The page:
If you teach an online course, or if your course has an online component or LMS, you probably make extensive use of the discussion board. Online discussions can be a great way for students to connect, collaborate, and share their ideas with their fellow students.

Unfortunately, student discussions often become monologues, rather than the lively conversations that you’d hope for them to be.

Want to gather some fresh ideas for sparking energizing online discussions? Then watch “Reenergizing Online Discussions.” This presentation, recorded during our recent “Wired and Inspired!: The Intelligent Use of Technology in Higher Education” online workshop, offers specific guidelines for creating online discussions that require cogent textual analysis and critical thinking. The ideas shared here will also encourage students to have more substantive interactions with their peers.

Presenter Bonnie Tensen, Professor of English at Augsburg College, shares lessons learned from her extensive experience in leading online discussions in her courses. She covers such topics as:

  • The benefits of online discussions
  • How to use small groups to foster effective online discussions
  • Tips for using your posting deadlines to promote participation
  • Distinctive prompts that spark student engagement and critical thinking
  • How to communicate your expectations clearly and effectively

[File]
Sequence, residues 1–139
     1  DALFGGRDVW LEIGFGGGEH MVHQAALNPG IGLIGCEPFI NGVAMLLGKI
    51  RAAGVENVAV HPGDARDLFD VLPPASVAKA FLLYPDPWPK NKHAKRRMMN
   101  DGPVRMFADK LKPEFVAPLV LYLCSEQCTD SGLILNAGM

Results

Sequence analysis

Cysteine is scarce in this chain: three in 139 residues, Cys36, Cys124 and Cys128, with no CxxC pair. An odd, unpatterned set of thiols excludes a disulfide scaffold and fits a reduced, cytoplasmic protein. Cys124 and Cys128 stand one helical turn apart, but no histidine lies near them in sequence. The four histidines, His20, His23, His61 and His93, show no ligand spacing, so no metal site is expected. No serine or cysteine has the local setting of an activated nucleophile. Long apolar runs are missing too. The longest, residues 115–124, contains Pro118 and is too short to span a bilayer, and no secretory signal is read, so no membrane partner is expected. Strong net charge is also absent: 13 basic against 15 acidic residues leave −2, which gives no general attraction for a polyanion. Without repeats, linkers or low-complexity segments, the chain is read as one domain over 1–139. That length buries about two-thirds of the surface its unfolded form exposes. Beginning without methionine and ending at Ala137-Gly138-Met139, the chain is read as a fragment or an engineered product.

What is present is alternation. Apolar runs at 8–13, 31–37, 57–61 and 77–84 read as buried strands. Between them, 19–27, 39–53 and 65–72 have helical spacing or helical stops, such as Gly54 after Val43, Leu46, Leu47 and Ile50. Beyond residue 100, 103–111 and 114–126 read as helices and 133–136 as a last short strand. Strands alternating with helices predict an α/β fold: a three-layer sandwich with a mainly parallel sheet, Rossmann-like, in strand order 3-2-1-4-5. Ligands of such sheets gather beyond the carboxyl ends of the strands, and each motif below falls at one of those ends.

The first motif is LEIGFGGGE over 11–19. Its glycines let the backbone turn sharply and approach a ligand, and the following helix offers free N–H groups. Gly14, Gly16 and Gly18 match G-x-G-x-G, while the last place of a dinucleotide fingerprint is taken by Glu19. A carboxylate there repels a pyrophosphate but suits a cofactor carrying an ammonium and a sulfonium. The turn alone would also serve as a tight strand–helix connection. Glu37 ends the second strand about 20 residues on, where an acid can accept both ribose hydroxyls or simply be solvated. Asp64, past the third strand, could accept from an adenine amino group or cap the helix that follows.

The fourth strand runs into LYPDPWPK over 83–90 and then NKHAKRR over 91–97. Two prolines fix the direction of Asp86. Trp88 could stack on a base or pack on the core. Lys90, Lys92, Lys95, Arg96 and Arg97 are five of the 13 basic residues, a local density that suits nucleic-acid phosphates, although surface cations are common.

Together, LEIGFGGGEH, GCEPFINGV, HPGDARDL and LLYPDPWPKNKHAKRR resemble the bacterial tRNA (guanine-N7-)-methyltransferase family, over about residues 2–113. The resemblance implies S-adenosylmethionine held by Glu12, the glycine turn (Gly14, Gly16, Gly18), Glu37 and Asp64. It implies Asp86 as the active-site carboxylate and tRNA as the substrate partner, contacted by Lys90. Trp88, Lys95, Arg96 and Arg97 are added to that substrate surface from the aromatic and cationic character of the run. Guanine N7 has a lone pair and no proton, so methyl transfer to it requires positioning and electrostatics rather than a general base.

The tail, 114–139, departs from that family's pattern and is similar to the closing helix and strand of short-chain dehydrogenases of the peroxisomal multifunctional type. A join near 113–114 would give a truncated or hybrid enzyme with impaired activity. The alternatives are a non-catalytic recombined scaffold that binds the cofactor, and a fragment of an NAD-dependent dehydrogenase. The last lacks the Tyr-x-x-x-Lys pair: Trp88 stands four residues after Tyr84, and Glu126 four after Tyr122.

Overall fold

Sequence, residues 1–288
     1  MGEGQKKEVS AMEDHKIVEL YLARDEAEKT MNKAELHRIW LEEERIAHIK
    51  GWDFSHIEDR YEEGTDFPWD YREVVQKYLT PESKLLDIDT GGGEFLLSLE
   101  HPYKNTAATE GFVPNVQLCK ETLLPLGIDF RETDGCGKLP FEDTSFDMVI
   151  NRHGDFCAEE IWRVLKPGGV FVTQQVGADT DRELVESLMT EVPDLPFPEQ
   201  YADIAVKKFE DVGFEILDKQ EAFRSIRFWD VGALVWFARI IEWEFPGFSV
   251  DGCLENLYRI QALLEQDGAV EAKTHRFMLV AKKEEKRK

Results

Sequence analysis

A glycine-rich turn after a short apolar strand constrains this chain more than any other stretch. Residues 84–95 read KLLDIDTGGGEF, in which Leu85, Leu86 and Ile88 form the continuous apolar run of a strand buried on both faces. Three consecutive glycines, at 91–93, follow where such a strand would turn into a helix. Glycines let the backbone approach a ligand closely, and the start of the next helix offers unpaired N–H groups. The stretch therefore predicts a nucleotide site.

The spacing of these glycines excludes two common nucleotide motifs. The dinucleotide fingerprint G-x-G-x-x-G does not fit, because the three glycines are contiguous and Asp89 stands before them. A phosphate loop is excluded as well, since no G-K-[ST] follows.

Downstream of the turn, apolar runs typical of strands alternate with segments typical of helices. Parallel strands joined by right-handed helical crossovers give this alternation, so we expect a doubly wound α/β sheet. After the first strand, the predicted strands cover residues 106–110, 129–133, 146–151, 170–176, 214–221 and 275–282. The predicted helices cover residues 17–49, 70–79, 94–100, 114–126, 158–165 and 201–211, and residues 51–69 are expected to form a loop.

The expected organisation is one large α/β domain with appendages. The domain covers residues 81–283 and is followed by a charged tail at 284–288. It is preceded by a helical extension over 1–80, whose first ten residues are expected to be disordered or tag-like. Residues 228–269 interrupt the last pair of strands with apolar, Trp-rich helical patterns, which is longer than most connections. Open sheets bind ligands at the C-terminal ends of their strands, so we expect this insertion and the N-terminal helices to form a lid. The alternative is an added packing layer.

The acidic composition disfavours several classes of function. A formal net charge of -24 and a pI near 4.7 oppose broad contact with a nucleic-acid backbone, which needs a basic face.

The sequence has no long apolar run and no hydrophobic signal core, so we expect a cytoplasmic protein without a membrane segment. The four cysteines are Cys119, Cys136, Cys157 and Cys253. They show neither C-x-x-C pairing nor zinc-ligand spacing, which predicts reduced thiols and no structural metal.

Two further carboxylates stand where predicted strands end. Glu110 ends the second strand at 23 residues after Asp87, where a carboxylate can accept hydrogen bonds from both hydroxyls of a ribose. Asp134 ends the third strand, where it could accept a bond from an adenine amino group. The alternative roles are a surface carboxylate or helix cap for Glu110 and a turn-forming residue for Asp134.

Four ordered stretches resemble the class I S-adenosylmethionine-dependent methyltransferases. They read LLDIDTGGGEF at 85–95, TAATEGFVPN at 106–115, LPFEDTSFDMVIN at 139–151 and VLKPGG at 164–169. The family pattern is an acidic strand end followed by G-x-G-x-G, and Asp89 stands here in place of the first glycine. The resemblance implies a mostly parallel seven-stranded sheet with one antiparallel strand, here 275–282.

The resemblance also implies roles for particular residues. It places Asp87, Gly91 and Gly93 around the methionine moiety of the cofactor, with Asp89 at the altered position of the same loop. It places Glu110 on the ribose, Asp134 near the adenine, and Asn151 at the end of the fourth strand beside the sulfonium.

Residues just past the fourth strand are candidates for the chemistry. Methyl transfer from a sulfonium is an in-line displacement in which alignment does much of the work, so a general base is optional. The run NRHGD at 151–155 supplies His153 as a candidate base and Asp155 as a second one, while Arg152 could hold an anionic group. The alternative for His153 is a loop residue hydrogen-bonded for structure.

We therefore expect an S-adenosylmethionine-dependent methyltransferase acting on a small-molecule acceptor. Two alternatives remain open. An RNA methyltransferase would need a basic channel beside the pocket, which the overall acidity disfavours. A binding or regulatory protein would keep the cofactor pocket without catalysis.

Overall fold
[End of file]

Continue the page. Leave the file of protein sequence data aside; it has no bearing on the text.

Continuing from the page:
• Ways to provide substantive feedback in a sustainable manner

Watch the presentation: Reenergizing Online Discussions


Find more helpful tips for using edtech in the college classroom

For more great tips on edtech in the college classroom, listen to the “Who Moved My Chalkboard: Adventures in Using EdTech to Your Advantage” podcast series, and watch “Chalk and Talk the Edtech Walk,” a panel discussion! And stay tuned for news about our next “Wired and Inspired” event, taking place in February 2016.

We also invite you to download this list of additional readings on the topic of edtech in the college classroom.

Do you teach an online course? Join the conversation! Share your own online course ideas or experiences in the comments section below.

How do you use your course’s online discussions to foster critical thinking and student engagement? Discuss your ideas and your responses to our featured webinar in the comments.